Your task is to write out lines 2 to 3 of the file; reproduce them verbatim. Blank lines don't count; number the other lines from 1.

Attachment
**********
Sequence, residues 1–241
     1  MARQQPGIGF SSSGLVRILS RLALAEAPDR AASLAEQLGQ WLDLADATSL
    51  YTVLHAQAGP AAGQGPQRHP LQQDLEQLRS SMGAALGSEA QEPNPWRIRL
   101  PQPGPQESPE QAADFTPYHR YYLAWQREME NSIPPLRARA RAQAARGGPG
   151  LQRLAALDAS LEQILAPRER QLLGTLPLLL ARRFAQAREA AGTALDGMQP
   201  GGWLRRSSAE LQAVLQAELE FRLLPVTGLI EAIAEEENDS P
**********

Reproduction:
     1  MARQQPGIGF SSSGLVRILS RLALAEAPDR AASLAEQLGQ WLDLADATSL
    51  YTVLHAQAGP AAGQGPQRHP LQQDLEQLRS SMGAALGSEA QEPNPWRIRL